- The Griffin
END OF AN ERA: CANISIUS REBRANDS TO UNIVERSITY
By: Julia Barth and Patrick Healy
According to an email to families as well as posts to social media on Thursday evening, Canisius College officially announced that it has received approval from the New York State Education Department (NYSED) Board of Regents for university designation. Beginning August 1, the institution will be rolling out its university title and a new branding strategy.
Students who will graduate in May 2023, will still have Canisius College on their diploma.
In a statement, President Steve Stoute said, “This achievement reflects the work of so many at Canisius to expand our academic programs and provide greater opportunities for students to access our transformative education.” He continued, “We’re pleased that our name will more closely reflect how we view ourselves — as a comprehensive university with a breadth of excellent academic programs. I am grateful to all of our dedicated faculty and staff whose hard work made this possible.”
According to the release, Canisius is able to receive this distinction because of its vast educational opportunities, specifically regarding its graduate programs, which in recent years reached the threshold set by NYSED to qualify for a university. The potential name change has been in administrative discussions for months now, with Stoute himself addressing it at his State of the College speech last fall.
Additionally, The Griffin reported in the March 3 issue that the banner of the school’s website had been changed to read “Canisius University” for a short time. The incident, while described by Stoute’s Chief Communications Officer Eileen Herbert as a test, nevertheless was an example of the speculation which has surrounded a potential name change over the last few years.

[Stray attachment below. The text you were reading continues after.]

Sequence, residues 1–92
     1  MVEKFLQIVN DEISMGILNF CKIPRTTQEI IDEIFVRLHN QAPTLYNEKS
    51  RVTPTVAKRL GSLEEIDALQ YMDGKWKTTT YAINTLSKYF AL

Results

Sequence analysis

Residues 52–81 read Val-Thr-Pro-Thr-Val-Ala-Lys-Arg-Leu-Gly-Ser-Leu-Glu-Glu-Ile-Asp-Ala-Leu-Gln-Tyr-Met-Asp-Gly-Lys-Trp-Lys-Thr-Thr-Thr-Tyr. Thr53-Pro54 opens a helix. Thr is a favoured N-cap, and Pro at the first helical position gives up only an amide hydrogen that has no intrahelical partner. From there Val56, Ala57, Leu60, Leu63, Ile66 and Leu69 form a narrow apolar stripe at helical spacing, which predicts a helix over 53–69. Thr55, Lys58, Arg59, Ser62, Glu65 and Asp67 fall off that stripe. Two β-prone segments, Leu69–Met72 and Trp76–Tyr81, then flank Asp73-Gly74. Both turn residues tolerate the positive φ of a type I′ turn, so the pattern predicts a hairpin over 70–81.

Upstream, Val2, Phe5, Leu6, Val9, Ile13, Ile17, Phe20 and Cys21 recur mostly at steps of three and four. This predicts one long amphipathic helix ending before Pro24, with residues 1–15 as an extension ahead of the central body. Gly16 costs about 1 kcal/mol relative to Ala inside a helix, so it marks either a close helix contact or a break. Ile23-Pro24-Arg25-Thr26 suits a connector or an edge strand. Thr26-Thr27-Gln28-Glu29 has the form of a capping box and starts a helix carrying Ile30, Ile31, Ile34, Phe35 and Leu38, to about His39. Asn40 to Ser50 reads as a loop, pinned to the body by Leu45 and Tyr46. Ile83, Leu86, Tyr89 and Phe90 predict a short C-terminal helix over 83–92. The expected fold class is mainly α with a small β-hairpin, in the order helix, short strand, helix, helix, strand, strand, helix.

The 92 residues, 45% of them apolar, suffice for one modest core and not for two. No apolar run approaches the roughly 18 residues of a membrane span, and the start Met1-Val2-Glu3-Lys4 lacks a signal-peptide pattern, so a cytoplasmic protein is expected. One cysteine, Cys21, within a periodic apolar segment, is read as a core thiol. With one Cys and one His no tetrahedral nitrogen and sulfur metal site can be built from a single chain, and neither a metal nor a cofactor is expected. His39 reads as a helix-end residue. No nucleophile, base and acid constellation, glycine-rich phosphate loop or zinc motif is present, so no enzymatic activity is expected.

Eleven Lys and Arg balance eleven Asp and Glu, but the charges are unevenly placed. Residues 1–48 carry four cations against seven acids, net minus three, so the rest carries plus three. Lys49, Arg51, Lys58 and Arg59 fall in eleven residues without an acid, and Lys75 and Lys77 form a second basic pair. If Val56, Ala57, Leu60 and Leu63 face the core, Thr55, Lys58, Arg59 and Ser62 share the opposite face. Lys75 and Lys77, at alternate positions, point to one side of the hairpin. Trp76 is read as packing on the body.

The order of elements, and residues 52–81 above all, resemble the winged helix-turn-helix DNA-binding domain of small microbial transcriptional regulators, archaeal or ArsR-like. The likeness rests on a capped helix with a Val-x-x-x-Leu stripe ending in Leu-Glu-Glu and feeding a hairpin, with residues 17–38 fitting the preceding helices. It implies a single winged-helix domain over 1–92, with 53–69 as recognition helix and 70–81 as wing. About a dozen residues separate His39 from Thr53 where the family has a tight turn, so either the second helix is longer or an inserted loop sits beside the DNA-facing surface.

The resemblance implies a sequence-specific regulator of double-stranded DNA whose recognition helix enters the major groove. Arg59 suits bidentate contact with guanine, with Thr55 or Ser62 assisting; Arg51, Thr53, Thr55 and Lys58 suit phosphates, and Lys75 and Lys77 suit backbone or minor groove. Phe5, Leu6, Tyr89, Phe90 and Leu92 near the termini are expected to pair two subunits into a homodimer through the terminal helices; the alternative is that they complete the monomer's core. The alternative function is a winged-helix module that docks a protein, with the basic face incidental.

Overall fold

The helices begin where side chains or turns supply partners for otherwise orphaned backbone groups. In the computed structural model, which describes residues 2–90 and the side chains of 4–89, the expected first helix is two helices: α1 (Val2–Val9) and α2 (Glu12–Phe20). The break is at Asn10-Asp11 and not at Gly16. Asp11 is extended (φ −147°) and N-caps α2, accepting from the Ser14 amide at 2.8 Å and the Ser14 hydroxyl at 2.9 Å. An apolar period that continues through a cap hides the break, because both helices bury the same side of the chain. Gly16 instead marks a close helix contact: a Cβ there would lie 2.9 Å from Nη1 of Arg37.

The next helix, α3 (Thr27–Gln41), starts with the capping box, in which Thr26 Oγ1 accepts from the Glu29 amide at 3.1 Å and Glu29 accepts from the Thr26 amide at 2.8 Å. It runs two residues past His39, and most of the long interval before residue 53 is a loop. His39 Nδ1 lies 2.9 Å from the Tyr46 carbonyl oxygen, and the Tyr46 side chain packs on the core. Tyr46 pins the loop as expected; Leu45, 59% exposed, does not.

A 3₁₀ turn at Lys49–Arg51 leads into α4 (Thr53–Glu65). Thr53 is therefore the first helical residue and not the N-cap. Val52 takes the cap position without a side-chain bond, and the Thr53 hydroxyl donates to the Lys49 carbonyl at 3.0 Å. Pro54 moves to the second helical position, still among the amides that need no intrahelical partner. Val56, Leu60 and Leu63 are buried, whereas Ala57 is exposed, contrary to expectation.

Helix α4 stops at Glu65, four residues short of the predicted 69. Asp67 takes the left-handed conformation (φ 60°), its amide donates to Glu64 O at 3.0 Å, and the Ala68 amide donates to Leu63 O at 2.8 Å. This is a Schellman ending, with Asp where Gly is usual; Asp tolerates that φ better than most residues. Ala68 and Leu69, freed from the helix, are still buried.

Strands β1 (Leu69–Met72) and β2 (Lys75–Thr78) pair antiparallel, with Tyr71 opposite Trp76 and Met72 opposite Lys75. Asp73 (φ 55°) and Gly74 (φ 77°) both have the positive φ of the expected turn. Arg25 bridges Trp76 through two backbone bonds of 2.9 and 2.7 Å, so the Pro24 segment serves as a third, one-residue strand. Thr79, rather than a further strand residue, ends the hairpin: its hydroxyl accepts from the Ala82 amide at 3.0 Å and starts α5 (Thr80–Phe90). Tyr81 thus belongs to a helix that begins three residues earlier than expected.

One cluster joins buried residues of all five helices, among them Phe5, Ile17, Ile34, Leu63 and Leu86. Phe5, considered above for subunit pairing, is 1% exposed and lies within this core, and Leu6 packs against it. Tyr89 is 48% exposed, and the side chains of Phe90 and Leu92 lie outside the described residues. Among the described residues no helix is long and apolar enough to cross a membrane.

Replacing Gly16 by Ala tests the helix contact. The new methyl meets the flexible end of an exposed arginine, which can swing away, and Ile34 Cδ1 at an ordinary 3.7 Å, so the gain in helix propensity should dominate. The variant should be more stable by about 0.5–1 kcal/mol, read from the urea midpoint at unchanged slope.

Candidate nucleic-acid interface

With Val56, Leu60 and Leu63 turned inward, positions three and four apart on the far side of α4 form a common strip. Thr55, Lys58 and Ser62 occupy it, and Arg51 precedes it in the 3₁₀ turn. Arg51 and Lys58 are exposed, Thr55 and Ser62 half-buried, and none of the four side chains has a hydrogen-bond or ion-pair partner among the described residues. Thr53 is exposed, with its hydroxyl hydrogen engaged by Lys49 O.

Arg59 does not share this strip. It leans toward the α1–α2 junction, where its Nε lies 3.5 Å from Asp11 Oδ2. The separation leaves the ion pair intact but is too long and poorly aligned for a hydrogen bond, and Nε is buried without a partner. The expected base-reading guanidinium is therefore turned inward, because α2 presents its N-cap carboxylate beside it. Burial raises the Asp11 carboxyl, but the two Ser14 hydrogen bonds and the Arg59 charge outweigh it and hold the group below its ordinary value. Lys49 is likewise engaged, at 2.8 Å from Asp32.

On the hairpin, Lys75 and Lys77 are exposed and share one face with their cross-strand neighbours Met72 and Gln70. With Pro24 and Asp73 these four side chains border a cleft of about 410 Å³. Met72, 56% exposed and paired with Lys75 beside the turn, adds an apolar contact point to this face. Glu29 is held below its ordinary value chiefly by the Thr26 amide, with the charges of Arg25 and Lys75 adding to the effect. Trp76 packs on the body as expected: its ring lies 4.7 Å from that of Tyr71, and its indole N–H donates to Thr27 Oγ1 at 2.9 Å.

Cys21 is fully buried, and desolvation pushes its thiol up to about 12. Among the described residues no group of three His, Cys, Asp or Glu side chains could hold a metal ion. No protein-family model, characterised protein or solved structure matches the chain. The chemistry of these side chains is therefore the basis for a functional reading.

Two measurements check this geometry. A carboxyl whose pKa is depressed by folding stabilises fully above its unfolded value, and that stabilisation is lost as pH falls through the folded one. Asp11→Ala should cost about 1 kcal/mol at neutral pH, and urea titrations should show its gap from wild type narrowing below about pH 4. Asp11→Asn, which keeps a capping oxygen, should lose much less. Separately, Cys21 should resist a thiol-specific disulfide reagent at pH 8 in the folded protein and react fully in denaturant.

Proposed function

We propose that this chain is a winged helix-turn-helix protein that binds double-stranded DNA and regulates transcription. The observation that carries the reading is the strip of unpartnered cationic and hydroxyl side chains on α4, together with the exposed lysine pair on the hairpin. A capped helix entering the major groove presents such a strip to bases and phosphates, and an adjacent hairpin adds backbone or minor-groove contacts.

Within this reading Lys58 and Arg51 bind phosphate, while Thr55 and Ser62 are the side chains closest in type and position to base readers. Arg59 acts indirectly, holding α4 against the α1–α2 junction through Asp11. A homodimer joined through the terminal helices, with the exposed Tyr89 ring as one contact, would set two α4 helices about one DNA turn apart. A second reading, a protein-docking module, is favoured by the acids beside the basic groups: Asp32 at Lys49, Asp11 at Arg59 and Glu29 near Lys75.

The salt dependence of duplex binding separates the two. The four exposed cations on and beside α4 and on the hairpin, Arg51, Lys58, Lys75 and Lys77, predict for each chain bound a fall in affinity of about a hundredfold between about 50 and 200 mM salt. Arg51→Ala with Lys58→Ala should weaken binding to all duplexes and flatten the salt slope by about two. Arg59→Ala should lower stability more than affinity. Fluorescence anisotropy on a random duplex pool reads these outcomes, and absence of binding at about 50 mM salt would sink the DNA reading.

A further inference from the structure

In an interview with The Griffin two days prior to the announcement, President Stoute addressed the topic and said that the college had already put in their petition with the Board of Regents. Before he would officially make the change, Stoute cautioned, the college must first “plan for and articulate why this is important. The other institutions [in the Buffalo region] — and this is not a criticism — in my opinion have missed an opportunity. To me, it is more than a name change: it is an opportunity to restate the value proposition, re-articulating in a new, compelling, exciting way why Canisius University is where leaders are made.”
Referencing the college’s recent sesquicentennial anniversary, he noted, “When we do this, we will be Canisius University for likely another 150 years. We have to do this intentionally and strategically. That is what has taken us time.” This once-in-a-generation moment is something, Stoute said, he hopes “we can all celebrate in the months to come.”
President Stoute discussed other topics with The Griffin before his Tuesday town hall, including the renovation of Lyons Hall, 2023-24 enrollment and a reflection on his first year as President:
One of the most prominent issues that Stoute spoke on was that of the reconstruction of Lyons Hall. He started by saying that “Lyons Hall will be offline for the foreseeable future,” and he later clarified that it will not be back in operation for the 2023-24 academic year. Stoute emphasized his trust in the Strategic Plan and Prioritization Committee (SPPC) to reimagine Lyons Hall. It is a conversation they have “not yet started,” but he recognized the building's importance on campus.
This semester, admissions has had to move to Science Hall because of the damages Lyons faced in the blizzard. Stoute noted that this relocation “is not in the best long-term interest in the institution,” which is why administration is going to work with Admissions over the summer to make their accommodations more suitable for their work. “We want to ensure that our prospective students and parents have the best welcome to Canisius and the best experience when they are here,” he said.
Despite this, Stoute said that enrollment numbers are not any different for the upcoming academic year than they were at this time last year. “The number of deposits is about single-digits down from last year,” he said. “It is not statistically significant, the difference between last year where we were at this time and this year.”